- R U Ready for Backyard Chickens? QUIZ
- One Dozen Tips to Legalize Chickens in Your Community
- Annotated Ordinance
- Case Statement
- Florida's Chicken Support Organizations
- Sarasota Chicken Resources
- Designing a Southwest Florida Coop
- Top 25 Funky Chicken Facts
- Hurricanes and Hens
- My Chickens Busted by Code Enforcement, What do I do Now?
- 7 Stages of Chicken Keeping in the U.S.
- America's Largest Chicken Cities
- (ABC) Annotated Bibliography of Chicken Legalization Reference Material
Saturday, February 5, 2011
Has Sarasota CLUCK been kicking back and relaxing since the initial unanimous vote in favor of backyard chickens on January 18th? No way! Here are a dozen noteworthy accomplishments that have been logged since then:
Friday, February 4, 2011
Hydrogen-powered cars are nearly as dreamy as the personal helicopters we were promised -- and far more sustainable. Imagine burning a fuel and having the only "exhaust" being water! The big problem at the moment is improving the technology for storing the hydrogen, and that's where chickens enter the picture.
Thursday, February 3, 2011
CLUCK has posted the full content of the case statement it submitted to the City of Sarasota in late December of 2010. This fourteen page document, prepared by committee during the holidays, contains the arguments CLUCK wanted included in the packet that would go to the City Commissioners prior to the vote on January 18th.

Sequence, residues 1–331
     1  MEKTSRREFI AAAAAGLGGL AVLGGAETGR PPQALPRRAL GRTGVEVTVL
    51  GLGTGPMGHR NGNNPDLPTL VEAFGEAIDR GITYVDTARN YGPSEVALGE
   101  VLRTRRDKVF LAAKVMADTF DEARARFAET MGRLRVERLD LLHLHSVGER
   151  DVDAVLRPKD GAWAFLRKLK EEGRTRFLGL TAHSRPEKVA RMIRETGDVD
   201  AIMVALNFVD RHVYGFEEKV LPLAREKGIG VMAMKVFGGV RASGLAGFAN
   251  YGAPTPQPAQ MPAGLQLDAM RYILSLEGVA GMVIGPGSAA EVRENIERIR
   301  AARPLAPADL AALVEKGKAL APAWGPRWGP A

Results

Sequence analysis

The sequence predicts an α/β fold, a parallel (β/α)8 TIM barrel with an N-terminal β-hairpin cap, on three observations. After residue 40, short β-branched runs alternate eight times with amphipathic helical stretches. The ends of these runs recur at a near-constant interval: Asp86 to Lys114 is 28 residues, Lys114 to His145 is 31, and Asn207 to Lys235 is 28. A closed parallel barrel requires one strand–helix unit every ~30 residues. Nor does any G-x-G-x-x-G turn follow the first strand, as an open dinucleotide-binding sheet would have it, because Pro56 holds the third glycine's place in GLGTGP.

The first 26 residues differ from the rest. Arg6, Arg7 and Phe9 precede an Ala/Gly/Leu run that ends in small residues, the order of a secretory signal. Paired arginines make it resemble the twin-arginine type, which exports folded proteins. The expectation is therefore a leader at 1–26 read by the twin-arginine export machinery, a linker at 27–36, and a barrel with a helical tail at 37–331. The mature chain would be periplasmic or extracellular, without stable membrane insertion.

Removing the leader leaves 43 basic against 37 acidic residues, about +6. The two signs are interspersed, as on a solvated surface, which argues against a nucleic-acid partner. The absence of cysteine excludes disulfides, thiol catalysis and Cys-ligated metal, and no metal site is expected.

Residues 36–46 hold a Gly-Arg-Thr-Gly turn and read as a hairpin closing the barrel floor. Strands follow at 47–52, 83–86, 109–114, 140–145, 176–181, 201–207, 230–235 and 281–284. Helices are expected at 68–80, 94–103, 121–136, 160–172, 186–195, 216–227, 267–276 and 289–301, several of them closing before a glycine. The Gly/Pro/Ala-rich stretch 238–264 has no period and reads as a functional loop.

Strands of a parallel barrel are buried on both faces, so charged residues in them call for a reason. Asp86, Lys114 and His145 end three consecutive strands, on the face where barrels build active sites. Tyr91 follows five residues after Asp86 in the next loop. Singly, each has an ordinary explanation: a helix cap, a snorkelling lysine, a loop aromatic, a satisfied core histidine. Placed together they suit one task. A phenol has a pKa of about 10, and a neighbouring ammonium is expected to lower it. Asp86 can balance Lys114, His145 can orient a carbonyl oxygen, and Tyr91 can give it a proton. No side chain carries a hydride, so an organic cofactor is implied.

Sunday, January 30, 2011
The Splendid Table, the syndicated public [radio] show for people who love to eat featured (Jan. 29th) an 8:45 minute segment on backyard chickens. The host Lynne Rossetto Kaspar interviews author Jenna Woginrich. Among some of the comments: "I learned pretty quick that they all have their own personalities and quirks and eating habits and they get moody, they get sick, they get healthy..." AND "You want a bird that's calm and quiet and doesn't make a fuss, and I think a breed like a Buff Orphington or Brahma is a great first laying hen. They're good in most seasons and lay right through the winter and unlike other birds that can be a little more scrappy they are very calm, they don't make a big fuss, and your neighbors will never know you even have chickens if you stick to those heavy laying breeds." AND "If you can wait in line to buy a cup of coffee, you have enough time on your hands to raise chickens in your backyard."